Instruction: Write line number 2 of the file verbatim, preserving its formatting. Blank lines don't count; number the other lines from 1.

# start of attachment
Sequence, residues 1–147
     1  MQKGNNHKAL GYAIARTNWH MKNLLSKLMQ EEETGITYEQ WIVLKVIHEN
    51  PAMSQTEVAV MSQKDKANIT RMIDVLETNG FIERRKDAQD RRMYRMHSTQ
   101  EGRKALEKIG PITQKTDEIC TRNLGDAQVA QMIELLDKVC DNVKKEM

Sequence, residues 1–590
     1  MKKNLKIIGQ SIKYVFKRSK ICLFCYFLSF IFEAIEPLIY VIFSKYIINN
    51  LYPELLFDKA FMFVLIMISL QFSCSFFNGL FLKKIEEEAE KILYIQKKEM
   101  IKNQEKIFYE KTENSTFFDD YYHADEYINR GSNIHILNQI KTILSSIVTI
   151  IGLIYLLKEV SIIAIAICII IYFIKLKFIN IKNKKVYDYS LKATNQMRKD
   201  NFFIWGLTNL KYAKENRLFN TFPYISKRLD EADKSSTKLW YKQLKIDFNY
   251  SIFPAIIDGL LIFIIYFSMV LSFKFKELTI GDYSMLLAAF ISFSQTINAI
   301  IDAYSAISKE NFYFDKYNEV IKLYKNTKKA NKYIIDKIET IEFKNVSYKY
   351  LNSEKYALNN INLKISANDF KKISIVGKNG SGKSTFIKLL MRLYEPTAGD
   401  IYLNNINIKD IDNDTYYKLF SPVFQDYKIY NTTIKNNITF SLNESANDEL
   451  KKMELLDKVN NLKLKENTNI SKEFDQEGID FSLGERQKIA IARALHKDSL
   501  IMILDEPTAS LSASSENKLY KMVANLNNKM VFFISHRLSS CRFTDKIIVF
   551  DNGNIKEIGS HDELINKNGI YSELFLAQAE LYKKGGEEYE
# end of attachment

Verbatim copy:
     1  MQKGNNHKAL GYAIARTNWH MKNLLSKLMQ EEETGITYEQ WIVLKVIHEN